Location – Gali Qasim Jaan, Ballimaran, New Delhi-06
Hijron Ka Khanqah
In the middle of the chaotic bazaar in Mehurali, this quiet and solitary attraction certainly reflects how the eunuchs were socially accepted during the Lodi era. Despite the fact that, hijras are often neglected today, there was a time when they were highly regarded important. Hijron ka Khanqah is a well-maintained grave for the eunuchs or hijras. The place offers a calm ambience and it is almost always empty. It is entered through an iron grill consisting of six stairs. As you escalate you can see around 50 whitewashed tombs in the courtyard. This Khanqah has 49 tombs and the one covered by a roof is said to be the sister of a man simply known as Sheikh Baba. The place creates a peaceful environ, despite being loud and noisy outside, it is silent inside the Khanqah.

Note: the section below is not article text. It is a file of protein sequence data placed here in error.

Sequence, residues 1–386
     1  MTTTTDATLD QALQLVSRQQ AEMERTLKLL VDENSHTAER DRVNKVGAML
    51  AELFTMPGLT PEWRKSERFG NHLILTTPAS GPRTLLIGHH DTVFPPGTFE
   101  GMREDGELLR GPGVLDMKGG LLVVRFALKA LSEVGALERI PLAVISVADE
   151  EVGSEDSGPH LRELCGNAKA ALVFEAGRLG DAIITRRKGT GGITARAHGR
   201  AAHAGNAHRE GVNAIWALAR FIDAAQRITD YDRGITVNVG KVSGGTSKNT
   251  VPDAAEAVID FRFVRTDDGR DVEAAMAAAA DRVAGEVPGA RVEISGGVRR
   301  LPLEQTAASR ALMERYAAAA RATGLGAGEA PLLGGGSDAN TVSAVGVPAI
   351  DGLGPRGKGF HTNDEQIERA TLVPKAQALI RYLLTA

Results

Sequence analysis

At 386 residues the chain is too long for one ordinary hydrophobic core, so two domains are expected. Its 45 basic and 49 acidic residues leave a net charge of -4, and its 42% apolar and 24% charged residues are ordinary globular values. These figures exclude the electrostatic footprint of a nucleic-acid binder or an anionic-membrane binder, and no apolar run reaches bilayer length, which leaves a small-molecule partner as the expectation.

Location – Ward 6, Mehrauli, New Delhi – 30
Mirza Ghalib Ki Haveli
As you walk down the narrow lanes of Qasim Jaan you will come across Ghalib ki Haveli. This heritage building is a famous place that sits quitely amidst the vibrating Chandni Chowk. The Haveli is home to Mirza Asadullah Baig Khan who was a well-known urdu and Persian poet. You can take a glimpse into the Haveli that helped Mirza Khan break some of the most beautiful poems such as Hazaaron Khwahishen Aisi which translates to ‘A Thousand Desires Such.’ Some of his belongings you can see here are his handwritten ghazals, his selected books and couplets along with some of his photographs. Ghalib ki Haveli is a must visit place to track down the history of the famous poet in India and to witness the richness of Indian history.
Location – Qasim Jaan Gali, Ballimaran, Chandni Chowk, New Delhi – 06
Bhuli Bhatiyari Ka Mahal